Once those Crowton recruits left the program (Matt Putnam was the last Crowton recruit but most were gone or almost gone after the 2009 season) and Bronco was relegated to using his own recruits, we saw a significant decline at key positions like QB, RB, TE, OL, etc which resulted in offensive woes starting in 2010 and for the next few seasons. It’s taken Bronco some time to rebuild and reload the cupboards but when he took over back in 2005, Gary had left the cupboards full for him even with some of the problems with non-LDS recruits.

  • Realistic Optimist

    One main factor that most people don’t, or choose not to remember is that he brought the Cougars to Cal Berkley and gave that Cal team a beating of their lives, and like the DC and the HC of Texas Longhorns, the HC of Cal was fired and picked up right away at the new AD of BYU. It was that same HC that got fired at Cal Berkley, that as AD at BYU, that fired Gary Crowton.

    The last truly exciting games played by the Cougars were when Gary Crowton was our HC. He brought us to a #45 ranking. He is the only coach that got us close to a BCS Bowl.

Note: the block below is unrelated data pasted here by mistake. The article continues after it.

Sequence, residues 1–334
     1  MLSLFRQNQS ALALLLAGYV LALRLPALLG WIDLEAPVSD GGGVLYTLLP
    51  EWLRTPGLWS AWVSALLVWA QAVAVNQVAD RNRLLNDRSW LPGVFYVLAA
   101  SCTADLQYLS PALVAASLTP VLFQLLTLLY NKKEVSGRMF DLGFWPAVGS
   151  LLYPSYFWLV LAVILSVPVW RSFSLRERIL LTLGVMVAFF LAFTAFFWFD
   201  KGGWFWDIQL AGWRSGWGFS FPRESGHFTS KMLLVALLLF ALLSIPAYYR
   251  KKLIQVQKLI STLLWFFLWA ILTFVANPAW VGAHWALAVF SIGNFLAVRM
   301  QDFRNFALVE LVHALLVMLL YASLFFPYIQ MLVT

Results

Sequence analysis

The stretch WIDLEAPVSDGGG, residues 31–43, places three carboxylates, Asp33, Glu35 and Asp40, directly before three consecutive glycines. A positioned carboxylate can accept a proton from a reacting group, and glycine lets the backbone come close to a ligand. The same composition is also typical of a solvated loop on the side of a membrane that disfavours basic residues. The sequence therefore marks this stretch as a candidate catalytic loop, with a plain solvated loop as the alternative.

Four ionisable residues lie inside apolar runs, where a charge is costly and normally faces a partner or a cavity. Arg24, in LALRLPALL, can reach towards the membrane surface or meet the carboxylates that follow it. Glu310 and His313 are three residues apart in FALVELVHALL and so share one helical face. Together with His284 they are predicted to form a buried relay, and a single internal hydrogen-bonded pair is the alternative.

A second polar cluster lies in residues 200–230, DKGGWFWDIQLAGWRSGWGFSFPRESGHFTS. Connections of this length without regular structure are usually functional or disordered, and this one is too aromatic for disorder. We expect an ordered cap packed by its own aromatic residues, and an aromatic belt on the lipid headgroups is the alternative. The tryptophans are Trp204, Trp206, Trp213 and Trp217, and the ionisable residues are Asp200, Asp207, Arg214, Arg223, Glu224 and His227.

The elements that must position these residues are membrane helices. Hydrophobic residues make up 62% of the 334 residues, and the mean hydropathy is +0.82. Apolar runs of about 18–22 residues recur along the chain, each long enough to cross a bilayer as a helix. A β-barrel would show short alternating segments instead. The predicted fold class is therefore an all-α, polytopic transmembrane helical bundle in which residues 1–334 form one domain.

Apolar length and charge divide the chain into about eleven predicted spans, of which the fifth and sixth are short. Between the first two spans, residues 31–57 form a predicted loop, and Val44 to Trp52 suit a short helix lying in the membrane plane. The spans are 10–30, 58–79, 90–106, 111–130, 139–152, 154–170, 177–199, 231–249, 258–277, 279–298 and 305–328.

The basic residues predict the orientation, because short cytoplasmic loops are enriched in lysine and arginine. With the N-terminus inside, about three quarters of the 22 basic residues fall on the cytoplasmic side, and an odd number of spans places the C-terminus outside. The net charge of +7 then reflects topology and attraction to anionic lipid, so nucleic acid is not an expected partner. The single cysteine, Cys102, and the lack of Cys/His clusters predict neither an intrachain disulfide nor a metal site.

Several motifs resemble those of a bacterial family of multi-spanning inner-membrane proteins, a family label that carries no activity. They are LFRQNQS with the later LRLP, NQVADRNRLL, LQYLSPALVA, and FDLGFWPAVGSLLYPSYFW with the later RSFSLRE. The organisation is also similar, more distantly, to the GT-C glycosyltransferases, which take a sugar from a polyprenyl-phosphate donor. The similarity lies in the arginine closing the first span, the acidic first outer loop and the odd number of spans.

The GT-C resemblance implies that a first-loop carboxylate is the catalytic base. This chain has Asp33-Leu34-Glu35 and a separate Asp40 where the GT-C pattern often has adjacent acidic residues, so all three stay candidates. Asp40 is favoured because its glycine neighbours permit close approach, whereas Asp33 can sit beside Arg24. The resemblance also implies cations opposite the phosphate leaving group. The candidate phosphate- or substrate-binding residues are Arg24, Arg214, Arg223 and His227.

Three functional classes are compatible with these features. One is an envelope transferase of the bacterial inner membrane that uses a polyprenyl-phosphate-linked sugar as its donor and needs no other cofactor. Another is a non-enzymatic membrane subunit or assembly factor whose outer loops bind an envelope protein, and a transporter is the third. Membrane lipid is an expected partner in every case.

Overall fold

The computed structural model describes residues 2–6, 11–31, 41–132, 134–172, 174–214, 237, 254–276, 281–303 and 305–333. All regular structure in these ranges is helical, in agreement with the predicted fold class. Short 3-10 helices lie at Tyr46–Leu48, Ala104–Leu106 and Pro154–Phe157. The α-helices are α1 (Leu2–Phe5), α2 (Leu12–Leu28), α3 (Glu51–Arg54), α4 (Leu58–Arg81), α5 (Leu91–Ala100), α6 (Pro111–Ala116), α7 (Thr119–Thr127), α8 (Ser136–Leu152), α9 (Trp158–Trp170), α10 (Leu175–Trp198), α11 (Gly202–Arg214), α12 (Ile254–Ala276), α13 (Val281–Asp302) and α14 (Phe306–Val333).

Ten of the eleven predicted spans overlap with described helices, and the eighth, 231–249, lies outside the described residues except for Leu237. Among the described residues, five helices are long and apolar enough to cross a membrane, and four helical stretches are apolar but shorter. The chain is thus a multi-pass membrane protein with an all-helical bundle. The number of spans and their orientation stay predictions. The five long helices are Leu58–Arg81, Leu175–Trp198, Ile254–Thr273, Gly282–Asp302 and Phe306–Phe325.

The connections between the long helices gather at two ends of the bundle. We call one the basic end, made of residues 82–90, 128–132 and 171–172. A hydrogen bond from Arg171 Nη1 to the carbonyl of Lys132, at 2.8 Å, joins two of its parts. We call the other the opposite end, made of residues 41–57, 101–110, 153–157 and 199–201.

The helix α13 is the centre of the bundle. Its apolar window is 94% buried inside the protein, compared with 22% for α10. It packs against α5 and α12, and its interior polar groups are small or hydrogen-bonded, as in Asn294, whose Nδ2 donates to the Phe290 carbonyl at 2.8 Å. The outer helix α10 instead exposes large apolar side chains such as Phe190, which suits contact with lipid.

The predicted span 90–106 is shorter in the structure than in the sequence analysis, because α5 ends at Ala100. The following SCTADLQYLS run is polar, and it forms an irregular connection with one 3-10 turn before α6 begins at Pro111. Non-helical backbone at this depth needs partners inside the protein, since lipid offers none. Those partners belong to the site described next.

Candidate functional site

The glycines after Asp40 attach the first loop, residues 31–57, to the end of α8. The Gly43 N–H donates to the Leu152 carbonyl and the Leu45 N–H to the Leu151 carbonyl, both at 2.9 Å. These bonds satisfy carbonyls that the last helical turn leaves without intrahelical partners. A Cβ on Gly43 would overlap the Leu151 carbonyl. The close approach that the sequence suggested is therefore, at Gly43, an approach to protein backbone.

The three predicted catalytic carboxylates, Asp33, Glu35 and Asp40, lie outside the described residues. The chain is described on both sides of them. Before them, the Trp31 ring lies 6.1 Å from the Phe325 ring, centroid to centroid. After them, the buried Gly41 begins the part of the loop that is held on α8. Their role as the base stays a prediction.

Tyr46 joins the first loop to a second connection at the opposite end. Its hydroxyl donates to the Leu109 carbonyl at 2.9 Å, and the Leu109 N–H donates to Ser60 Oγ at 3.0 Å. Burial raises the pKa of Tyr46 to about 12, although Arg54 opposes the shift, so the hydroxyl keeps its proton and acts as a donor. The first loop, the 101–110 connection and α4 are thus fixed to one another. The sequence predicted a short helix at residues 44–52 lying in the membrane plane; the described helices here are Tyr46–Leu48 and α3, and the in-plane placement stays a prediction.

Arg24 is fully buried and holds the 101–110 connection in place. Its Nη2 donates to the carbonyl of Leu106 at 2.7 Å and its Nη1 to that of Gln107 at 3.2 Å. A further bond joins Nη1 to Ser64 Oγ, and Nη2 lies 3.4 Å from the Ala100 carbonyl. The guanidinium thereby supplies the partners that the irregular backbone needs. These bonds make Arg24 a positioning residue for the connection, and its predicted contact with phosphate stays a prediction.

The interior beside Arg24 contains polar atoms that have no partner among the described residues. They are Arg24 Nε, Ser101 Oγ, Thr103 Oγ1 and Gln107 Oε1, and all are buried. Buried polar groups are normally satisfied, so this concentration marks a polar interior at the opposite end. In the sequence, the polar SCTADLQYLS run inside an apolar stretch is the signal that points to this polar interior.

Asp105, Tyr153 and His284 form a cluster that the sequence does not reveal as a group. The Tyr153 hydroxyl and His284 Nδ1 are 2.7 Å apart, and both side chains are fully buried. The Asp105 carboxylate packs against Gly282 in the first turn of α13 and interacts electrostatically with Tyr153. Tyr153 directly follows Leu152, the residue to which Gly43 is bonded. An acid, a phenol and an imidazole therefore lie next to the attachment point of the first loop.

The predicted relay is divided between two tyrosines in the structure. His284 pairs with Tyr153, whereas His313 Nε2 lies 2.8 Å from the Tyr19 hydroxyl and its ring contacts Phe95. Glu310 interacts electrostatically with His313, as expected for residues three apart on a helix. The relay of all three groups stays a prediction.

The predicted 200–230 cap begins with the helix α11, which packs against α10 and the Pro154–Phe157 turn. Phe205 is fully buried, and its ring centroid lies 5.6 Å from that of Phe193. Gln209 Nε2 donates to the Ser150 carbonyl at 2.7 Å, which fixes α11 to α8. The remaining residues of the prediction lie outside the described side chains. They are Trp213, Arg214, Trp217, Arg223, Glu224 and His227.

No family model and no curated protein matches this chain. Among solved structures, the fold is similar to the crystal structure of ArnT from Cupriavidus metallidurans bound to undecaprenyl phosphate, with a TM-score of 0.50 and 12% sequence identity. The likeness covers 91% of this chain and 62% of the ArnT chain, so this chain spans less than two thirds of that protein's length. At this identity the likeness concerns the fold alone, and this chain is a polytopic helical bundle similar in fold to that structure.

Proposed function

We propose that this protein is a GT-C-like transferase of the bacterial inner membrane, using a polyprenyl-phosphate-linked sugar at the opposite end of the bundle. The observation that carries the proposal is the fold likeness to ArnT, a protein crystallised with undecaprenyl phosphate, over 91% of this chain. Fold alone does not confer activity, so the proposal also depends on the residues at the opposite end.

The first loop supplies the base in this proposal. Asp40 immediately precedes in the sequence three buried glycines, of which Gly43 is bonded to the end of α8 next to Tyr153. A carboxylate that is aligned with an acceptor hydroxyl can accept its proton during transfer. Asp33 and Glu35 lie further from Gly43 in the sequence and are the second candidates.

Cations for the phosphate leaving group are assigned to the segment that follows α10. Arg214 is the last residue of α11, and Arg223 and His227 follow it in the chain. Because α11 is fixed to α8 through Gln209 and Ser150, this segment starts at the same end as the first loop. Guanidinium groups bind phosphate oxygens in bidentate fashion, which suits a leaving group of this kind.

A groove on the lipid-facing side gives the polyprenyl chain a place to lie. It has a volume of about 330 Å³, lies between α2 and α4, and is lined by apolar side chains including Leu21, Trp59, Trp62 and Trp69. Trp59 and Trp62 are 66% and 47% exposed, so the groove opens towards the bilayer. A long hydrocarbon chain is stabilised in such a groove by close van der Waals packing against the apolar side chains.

Unlike the gentle treatment given to both Rose and Bronco when sex crimes were committed under their watch, Gary Crowton and to devote all of his losing season time to defending himself over the sex crime that took place late at night in the private home of one of his players. He was expected to be in control of 100% of his players 100% of the time, 24 hours per day. This was an impossible task. Bronco and Rose
    were never accused of any wrong doing for the honor code violations of their two players.

    I would like to see the return of exciting offensive football that only Gary Crowton and Lavel Edwards were able to give us.


    Nonsense. Crowton nearly destroyed BYU football by recruiting thugs and after the first year all opponents knowing full well what Crowton’s offense was going to do. He is a first year wonder as an offensive guru and then his offense becomes a blunder. He should have been fired after the second year.

    • Drew

      …Those players who raped that girl…they were Bronco’s recruits…